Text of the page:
April 12, 2024
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Monster Mash: Anthropology major turns research into an art zine

A scene from Annabel Fair's zine, A scene from Annabel Fair's zine,
A scene from Annabel Fair's zine, "Our Days Amongst: Monsters and their Becoming." Image Credit: Provided.

Monsters lurk in the shadows under the bed, or beyond the safe circle of the village in the woods. Fodder for horror films and Halloween costumes, they warn us to stay with the familiar, the known, the expected.

But monsters are more than just fantasy creatures. We give that name to people as well, individuals whose differences we fear or hate.

“Monsters represent a kind of other, something for us to push against,” reflected Annabel Fair, a 2020 anthropology graduate who researches the intersection of monstrosity and the queer and transgender experience.

Fair turned their research into a zine — a short, self-published art book called Our Days Amongst: Monsters and their Becoming — as part of Anthropology Associate Professor Joshua Reno’s course in graphic anthropology during their senior year at Binghamton University. In the course, class members considered ways they could present research in a visual medium, from info graphics to graphic novels.

“All the students created art projects of different kinds. Annabel went above and beyond and was one of the only students to curate the work of other artists,” said Reno, who was Fair’s advisor at Binghamton. “At the core of this zine, as I see it, is a fundamental rethinking of the idea of monsters.”

The everyday lives of monsters

During their time at Binghamton, Fair explored multiple majors, from French to music to geological sciences, and then back to French again after a three-semester break. That led to linguistics and eventually to anthropology, which proved a good fit for their diverse range of interests. Another component of their time at Harpur College was the wind symphony, which provided a needed break from the rest of school.

An avid gamer, Fair initially planned to focus their research project on tabletop games such as Dungeons and Dragons. But monsters proved fascinating enough to warrant a project of their own.

As part of their research, Fair established an online community through Discord dedicated to the topic. The community has welcomed many artists and nine agreed to participate in the project. About half of the artists involved in the project are international.

“We decided to focus on the everyday lives of monsters, both in the traditional ‘creature’ sense of monster as well as the experience of being made to feel like a monster for not conforming to social expectations and hierarchies,” Fair said.

Each vignette in the zine shows monsters in everyday situations, from a horned cyclops buying glasses to an asexual, angelic wheel of wings and eyes chatting with a human roommate about music and movies. In each short tale, the monsters clash and occasionally adapt to a world not built for them.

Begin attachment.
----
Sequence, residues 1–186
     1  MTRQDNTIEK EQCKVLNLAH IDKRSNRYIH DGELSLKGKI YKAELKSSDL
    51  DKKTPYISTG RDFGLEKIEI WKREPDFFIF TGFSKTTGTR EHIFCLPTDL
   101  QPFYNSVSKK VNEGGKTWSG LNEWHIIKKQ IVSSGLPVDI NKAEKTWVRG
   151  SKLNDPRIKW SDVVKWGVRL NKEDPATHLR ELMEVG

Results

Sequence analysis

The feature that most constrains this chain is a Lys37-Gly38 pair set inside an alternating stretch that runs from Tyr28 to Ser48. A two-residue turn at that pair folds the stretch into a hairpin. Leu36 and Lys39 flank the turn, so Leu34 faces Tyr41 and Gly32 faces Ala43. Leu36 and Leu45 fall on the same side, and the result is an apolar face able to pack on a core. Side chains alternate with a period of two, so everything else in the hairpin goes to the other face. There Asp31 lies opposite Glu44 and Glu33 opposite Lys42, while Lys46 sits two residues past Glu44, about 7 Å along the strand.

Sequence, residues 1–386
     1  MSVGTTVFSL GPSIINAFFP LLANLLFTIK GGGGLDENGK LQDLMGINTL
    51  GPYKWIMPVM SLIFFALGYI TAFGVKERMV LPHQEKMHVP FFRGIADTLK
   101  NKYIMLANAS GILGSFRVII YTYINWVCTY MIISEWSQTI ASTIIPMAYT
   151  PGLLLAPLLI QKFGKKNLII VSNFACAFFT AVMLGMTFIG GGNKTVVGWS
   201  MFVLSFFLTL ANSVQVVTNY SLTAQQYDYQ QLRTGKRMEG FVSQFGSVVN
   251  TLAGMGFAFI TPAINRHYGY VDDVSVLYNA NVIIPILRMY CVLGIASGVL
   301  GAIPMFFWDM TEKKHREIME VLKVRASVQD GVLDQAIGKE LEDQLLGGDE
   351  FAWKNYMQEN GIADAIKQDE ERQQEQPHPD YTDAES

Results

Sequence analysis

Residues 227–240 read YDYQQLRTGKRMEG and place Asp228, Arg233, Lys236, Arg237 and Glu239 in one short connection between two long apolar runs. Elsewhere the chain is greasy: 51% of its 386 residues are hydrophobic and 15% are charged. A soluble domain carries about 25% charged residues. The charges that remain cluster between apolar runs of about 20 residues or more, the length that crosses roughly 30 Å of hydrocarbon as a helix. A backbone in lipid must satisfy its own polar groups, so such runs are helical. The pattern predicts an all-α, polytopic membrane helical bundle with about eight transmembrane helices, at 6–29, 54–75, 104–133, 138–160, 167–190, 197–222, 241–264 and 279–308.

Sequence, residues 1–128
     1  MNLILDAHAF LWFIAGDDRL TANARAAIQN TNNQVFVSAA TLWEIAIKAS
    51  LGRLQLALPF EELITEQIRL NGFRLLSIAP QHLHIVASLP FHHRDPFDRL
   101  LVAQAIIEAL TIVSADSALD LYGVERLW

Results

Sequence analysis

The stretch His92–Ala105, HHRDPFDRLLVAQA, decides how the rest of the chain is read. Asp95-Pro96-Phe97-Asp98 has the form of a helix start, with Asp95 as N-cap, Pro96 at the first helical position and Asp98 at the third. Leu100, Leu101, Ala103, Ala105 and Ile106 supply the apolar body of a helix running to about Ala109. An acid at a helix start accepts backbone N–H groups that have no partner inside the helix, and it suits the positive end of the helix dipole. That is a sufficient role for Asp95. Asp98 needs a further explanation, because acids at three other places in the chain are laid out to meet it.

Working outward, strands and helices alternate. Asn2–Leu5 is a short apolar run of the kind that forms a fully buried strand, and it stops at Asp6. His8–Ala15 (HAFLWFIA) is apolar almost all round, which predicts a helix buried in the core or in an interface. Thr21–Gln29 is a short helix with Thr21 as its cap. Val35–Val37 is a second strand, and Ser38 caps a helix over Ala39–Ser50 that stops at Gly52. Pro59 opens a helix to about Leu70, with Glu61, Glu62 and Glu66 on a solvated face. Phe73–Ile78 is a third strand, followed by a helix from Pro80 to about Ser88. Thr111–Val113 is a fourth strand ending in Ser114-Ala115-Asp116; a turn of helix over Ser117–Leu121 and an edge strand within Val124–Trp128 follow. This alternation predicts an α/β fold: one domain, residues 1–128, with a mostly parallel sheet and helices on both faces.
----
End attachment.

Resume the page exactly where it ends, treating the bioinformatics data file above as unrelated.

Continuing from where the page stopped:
The project focused particularly on monstrosity, sexual orientation and gender identity. The dominant culture has traditionally regarded identities contrary to the cisgender and heterosexual norm as aberrant and monstrous: Consider the trope of the predatory gay man, for example, or the sinister shapeshifter-like transgender individual who invades private spaces.

“If it can’t fit and it can’t be categorized, it’s otherized and persecuted,” Fair said.

We think of monsters as beyond the borders of human possibility, but humans create those borders, Fair explained. And while the assimilationist narrative — that monsters are “just like us” — might be appealing, it’s also false. Difference exists, but it’s also okay.

“We’re not asking you to let us in; it’s about you letting yourself out,” Fair said. “Monsters represent in some ways things that are impossible. There’s this line that doesn’t have to be there.”

Getting the zine into print is a long-term goal. Currently, it’s available for download for a donation, with proceeds going to Black and Pink, a nonprofit focused on prison abolition and supporting LGBTQ+ and HIV-positive prisoners.

The Discord server’s online community continues to thrive and welcomes new members, but has shifted focus these days to gaming. Fair’s own research focus, which centers on queer and trans liberation, has only deepened since graduation. Now living in Kingston, N.Y., they are on a sabbatical of sorts, working their way through a lengthy reading list while considering graduate school. Like monsters themselves, Fair’s area of interest is complex and crosses disciplinary lines, which makes finding the right program a bit of an adventure.

To explain their research focus, Fair offered a term from game designer Avery Alder: impossibility models.

“We can’t design our possibility models from systems that hurt us; we need to look beyond what we consider ‘possible’. I’m trying to locate monsters as a source of liberation, opening up the experience of transformation and self-actualization,” they said.

Posted in: Arts & Culture, Harpur